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Mitchell J. Rabin Headshot

Advancing the Conscious Business Paradigm of Cooperative Winning

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As business is currently done, there is a high probability of a few corporations aggregating most of the business to be done through rather cutthroat means, buying political influence and then having enough money to either spend exorbitant amounts of media advertising or just buying the media companies themselves -- in short, a set-up for megalithic monopolies that ultimately generate money from money, not necessarily only reliant on the sale of goods and services.

Of course there are antitrust laws in place in the U.S. and elsewhere to guard against this, but these are rarely looked at, let alone enforced, because of the influence multinational corporations have on all branches of government. If we are going to evolve a new way of doing business, it's going to be because individuals have realized within themselves that there's a better way to do business and find similarly minded people with whom to do so.

The individuals who feel that business can be done with an entirely different attitude is growing quickly, nearly exponentially. The old, monolithic way of "win-lose," "come and conquer," "bigger is better" is just dying with the dinosaurs; it's not quick in human time, but it is indeed in process. It is business that has brought us to this brink of near ecosystem destruction and, ironically, economic collapse, with all of the worst elements of human nature expressing themselves through the vehicle of business. In some cases, we have seen the expression of unbridled greed, selfishness, mindlessness, severe insensitivity to others, racism, sexism, ageism, arrogance, indifference, pride, self-importance, hostility, violence and hubris. In the world of business, venture capitalism, for instance, is often referred to as "vulture capitalism." We're now taking the "vulture" out of "venture."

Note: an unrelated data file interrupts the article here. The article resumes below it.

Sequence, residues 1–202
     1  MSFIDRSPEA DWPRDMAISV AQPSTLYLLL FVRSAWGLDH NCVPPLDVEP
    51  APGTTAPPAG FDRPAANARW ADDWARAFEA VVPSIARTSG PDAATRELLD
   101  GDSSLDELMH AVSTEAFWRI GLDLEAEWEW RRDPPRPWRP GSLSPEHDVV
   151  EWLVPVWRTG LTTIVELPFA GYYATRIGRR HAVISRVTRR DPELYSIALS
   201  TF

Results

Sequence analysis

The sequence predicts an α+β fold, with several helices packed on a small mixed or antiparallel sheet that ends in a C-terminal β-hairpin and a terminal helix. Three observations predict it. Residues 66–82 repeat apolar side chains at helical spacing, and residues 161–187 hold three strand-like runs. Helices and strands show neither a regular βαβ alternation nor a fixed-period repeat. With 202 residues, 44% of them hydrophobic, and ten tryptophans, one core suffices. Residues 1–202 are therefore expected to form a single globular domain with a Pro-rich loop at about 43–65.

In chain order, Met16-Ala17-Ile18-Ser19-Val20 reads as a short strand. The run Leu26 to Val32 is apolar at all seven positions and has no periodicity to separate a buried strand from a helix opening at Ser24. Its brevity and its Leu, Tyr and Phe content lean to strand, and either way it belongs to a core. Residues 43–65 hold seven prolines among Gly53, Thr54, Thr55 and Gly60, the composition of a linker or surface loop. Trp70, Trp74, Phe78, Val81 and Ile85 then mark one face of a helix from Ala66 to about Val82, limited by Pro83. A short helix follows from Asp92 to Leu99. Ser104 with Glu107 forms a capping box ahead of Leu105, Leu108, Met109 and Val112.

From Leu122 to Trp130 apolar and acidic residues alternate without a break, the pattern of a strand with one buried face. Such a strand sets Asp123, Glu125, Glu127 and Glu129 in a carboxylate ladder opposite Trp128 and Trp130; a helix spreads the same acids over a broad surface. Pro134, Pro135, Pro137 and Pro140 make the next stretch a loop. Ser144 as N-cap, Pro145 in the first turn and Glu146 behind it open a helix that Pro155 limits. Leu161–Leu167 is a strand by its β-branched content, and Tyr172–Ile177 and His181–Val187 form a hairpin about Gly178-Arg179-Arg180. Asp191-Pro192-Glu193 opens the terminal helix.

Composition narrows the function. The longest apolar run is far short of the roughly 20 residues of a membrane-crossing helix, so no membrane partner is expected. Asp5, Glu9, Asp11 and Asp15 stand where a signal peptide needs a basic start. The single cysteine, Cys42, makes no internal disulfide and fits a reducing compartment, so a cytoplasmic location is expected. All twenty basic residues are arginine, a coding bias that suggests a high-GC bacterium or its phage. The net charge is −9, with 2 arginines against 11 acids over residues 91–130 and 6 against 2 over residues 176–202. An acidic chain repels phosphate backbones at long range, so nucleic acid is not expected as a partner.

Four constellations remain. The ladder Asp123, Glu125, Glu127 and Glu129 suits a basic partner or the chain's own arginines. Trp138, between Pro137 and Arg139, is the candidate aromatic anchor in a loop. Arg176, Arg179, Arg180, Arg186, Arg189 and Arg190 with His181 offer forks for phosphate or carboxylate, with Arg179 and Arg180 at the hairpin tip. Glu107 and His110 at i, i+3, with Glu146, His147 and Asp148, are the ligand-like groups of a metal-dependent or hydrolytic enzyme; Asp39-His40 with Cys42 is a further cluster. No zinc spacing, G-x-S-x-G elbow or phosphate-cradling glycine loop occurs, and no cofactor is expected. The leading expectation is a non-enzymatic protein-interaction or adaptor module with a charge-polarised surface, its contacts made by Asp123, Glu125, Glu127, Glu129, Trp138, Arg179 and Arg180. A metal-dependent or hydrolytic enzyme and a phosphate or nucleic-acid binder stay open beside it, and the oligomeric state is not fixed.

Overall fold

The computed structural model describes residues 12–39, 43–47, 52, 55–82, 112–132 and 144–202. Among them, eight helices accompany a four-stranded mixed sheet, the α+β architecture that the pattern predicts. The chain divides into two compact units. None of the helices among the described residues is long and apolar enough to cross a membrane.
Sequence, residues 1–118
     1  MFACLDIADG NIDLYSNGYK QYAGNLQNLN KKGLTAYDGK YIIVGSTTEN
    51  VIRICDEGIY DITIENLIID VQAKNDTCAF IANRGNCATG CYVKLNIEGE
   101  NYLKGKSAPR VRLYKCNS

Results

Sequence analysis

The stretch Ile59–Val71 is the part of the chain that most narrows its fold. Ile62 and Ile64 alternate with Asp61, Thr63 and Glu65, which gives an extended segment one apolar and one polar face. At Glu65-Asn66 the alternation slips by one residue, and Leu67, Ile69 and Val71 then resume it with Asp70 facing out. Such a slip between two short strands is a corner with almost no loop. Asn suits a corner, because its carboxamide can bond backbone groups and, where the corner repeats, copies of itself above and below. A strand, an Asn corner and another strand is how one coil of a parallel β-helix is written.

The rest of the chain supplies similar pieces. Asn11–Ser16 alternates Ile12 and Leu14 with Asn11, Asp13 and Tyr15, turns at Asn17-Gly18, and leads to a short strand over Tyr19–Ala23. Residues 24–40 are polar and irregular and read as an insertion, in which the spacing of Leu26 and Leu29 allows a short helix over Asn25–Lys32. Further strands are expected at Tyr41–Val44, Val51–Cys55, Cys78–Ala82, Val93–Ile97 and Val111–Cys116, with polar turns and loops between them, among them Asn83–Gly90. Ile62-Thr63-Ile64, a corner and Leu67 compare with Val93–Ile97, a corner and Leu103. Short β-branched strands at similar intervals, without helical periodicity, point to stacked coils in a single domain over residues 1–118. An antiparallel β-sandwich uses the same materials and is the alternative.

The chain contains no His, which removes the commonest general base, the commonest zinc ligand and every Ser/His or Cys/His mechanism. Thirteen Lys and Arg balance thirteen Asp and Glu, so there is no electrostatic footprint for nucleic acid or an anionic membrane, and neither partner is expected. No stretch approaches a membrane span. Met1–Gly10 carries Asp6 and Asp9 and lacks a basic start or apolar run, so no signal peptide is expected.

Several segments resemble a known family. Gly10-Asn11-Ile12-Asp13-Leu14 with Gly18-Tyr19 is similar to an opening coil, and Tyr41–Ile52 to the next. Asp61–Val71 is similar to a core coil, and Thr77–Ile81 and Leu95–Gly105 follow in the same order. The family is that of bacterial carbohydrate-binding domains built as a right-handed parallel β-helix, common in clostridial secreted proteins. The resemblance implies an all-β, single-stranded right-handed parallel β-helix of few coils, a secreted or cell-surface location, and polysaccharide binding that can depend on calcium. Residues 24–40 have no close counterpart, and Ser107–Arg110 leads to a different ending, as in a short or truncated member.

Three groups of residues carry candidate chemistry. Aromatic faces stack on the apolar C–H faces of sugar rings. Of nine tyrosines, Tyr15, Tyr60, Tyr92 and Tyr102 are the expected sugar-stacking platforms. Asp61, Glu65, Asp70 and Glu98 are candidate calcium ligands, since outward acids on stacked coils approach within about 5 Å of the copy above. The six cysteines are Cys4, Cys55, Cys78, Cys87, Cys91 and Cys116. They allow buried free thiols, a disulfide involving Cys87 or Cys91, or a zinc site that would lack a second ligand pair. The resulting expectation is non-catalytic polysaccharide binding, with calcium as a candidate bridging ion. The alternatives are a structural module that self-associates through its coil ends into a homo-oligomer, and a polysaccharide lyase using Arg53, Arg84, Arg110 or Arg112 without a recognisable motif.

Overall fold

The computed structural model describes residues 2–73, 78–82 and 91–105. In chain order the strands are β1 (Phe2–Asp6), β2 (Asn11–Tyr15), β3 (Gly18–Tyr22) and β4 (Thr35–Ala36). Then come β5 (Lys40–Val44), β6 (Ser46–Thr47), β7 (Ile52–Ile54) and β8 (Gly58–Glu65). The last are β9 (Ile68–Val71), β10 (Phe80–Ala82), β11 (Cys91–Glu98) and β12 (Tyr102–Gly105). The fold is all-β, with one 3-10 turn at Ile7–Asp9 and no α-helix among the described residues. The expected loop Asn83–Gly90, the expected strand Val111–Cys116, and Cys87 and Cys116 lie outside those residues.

Paradoxically, I believe it is through this very same vehicle of business and, after it, government, that the higher aspects of human nature will show themselves, and I'm suggesting that this is very much already in motion and has been, if somewhat embryonic, for decades, but truly gaining in momentum now.

The aspects of human nature that show up in those that are pioneering the new paradigm are cooperation, the spirit of collective collaboration and teamwork, thinking of others every bit as much as one thinks about oneself (if not more), and always considering the environmental impact and carbon footprint in every step of production, including the construction of the office, building or manufacturing facility itself. The guiding principle is "how to be in service to others and to the Earth in a humane way, sensitive to the environment, and profitably." You could call this the entrepreneur's way of "enlightened self-interest," wherein he enjoys several bottom lines at once, far better than just one, which is the normal way of doing business.

In her book "The Bond," journalist and award-winning author Lynne McTaggart describes the science behind our neurophysiological hardwiring around cooperating, belonging and bonding. This includes serving others and being nurturing, kind, compassionate and generous.

These ideas are not part of some kind of pie-in-the-sky fantasy about human nature; these are actual parts of the human nervous and glandular systems, to be used like arms and legs. Social visionaries mixing in business is exactly what we need and what the world is calling for. This is the direction of business, embracing, interestingly (and again, ironically enough), not the masculine principle but the feminine. Do people really need more severity and austerity, or a gentler, more benevolent touch? How you personally respond to the former or the latter can be your indication of what others also most prefer and respond favorably to. As we are all more similar than different, we can take our guide from such simple pieces of information!

Every wisdom tradition on the planet lays out not how to harm or cheat others but the contrary, how to love and be of service to others, so an increasingly large portion of people worldwide are pressing us toward this activation of wisdom, of our higher selves-in-action.

The new entrepreneur enjoys serving others, having a minimum carbon footprint and relatively neutral eco-impact, excellent feedback from clients and from the supply chain, as well as monetary profit.

Business is being done, all right, but more consciously for the good of all, not just for the few. It's a venue for service, not self-aggrandizement. These few, simple changes in the aperture make a world of difference, quite literally, in the impact, the outcome and, overall, the profitability of a company that is being environmentally and humanely attuned.